Welcome to this special issue of the RECORDER, with a focus on land seismic in complex basins which presents three papers on land acquisition, new recording equipment, acquisition planning, and resulting improvements in imaging and interpretation.
In the first focus article (Cableless Seismic Acquisition), Kendall discusses the various advantages and disadvantages of cableless seismic acquisition systems and compares the overall functionality of cableless systems to cabled systems. He also briefly reviews the various cableless systems and their similarities and differences. Most of these cableless seismic recording systems do not transfer data back to a central recording system and they do not transfer power to multiple stations though cables. The majority of them are autonomous with the data being recorded on flash memory at the station with a battery and sensor (geophone or accelerometer). Even though they are called “cableless” they typically use cables to connect the geophones and external batteries. They range from completely autonomous to being able to transfer data via some form of wireless transmission (WiFi, BlueTooth, multi-threaded (or mesh) RF, etc.).
In the second focus article (Imaging the Overturned Limb of a Footwall Syncline and its Impact on Exploration in Fold and Thrust Belts), Newson discusses the complexities associated with hydrocarbon exploration in the Western Canada Fold and Thrust Belt (WCFTB). For the last 70 years, WCFTB exploration has been aided by seismic imaging techniques providing an understanding of the deep structures. Even so, this process is still full of surprises as steep dips, fault repeats, detachments and poor coupling at the surface all contribute to obscuring a clear image of the subsurface.
In an effort to improve our understanding of the WCFTB, a seismic line (LOFF8) was shot across the Brazeau Thrust in the Alberta portion of the WCFTB. The LOFF8 seismic line is part of a unique experimental seismic program that was shot expressly to evaluate long offset, high intensity acquisition parameters.
The interpretations of the seismic line LOFF8 in time and depth are reviewed in this paper. The tools used for the integration of the surface and subsurface geological and geophysical data are described and a new deformation model is presented.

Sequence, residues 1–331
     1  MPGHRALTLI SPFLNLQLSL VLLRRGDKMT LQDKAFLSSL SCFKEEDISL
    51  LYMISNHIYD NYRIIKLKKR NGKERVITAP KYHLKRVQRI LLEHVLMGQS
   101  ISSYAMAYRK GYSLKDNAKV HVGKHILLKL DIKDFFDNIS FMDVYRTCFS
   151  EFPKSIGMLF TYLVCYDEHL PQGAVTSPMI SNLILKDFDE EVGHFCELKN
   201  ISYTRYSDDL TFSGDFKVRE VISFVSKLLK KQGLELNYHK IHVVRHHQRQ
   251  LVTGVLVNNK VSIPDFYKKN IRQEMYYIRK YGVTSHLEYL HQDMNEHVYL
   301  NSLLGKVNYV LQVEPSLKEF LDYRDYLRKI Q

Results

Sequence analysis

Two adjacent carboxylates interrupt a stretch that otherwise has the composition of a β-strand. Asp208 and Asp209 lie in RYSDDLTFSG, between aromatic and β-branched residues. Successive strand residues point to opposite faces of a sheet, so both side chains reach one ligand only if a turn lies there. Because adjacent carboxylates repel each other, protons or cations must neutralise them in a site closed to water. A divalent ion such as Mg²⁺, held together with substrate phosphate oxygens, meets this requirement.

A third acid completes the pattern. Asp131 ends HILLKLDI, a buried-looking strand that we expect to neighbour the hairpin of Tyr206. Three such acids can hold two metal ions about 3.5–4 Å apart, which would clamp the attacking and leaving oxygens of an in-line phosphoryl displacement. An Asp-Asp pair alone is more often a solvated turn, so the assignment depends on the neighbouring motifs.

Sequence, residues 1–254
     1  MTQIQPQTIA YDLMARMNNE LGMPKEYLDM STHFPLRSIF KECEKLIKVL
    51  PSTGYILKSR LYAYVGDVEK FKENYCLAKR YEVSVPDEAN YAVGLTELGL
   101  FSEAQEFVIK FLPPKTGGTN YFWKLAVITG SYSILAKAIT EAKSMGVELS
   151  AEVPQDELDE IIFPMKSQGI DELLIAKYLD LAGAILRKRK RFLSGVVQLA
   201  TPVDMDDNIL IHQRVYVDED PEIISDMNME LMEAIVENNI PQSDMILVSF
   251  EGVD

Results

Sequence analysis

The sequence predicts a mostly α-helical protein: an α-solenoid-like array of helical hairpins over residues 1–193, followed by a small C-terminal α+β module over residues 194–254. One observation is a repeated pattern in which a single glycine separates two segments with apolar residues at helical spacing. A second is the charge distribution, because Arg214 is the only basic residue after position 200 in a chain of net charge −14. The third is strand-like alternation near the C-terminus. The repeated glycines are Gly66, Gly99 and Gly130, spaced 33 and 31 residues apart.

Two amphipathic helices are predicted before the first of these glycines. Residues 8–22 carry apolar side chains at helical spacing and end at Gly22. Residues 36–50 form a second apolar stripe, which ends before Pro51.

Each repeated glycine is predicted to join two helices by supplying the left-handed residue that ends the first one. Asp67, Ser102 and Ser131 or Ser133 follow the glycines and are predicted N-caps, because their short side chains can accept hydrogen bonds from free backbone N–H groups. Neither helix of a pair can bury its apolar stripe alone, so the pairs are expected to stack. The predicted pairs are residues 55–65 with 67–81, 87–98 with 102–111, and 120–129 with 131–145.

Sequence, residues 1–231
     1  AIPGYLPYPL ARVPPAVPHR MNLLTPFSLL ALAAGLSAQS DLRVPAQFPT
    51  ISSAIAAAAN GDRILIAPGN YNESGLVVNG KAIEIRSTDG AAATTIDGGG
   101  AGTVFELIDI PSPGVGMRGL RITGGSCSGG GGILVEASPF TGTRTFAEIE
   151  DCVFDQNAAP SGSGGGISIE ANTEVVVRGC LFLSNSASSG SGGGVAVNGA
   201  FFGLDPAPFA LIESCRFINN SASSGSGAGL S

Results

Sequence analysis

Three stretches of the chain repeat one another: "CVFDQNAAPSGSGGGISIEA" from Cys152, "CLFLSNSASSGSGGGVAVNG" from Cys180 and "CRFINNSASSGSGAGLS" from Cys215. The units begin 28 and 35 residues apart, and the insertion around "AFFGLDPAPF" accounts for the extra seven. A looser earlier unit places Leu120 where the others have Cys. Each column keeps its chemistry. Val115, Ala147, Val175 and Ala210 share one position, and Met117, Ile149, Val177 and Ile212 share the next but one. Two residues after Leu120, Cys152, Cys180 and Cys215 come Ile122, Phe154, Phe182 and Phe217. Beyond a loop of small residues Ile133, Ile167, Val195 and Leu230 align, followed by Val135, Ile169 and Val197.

In the third focus article, (Land Seismic Acquisition Testing Strategies and Results – Southern Chad, Africa 2013-2015) Crook et al., discuss a seismic acquisition and testing program in Chad. The program involved acquiring four 3D surveys covering 1200 km2, 216 2D surveys covering 4500 km and 23 acquisition tests. The paper provides an overview of the seismic acquisition tests with a specific focus on tests designed to improve imaging in areas with subsurface laterites and near-surface scattering, which impede imaging. The paper focuses on two regions. The first region has near-surface laterites and only fair-to-good data quality and the second region has mixed laterite and laterite-free zones resulting in good-to-excellent data quality.
About the Author(s)
Rob Kendall is currently the VP of Research and Special Projects at Tesla Exploration Ltd. His main areas of research focus on passive seismic for measuring induced seismicity, multicomponent seismic and distributed Acoustic Sensing (DAS).
Prior to joining Tesla, Rob was the Subsurface Manager at Petrobank Energy and Resources Ltd. In that role he oversaw the geology, geophysics and reservoir simulation departments. He was also involved in the early Bakken development using 3D seismic, geosteering and microseismic to optimize production.
From 1999-2006 Rob was the Manager of the Multicomponent group at Veritas Geoservices. From 1992-1999 he worked for Amoco Petroleum Company in Houston, Tulsa and New Orleans. Rob began his career with Solid State Exploration in 1988. He received his M.S. from the Colorado School of Mines in 1992 and his B.Sc. from the University of Calgary in 1988. Rob enjoys skiing and hiking in his spare time. Special Coordinator Rob Kendall Tesla Exploration Ltd.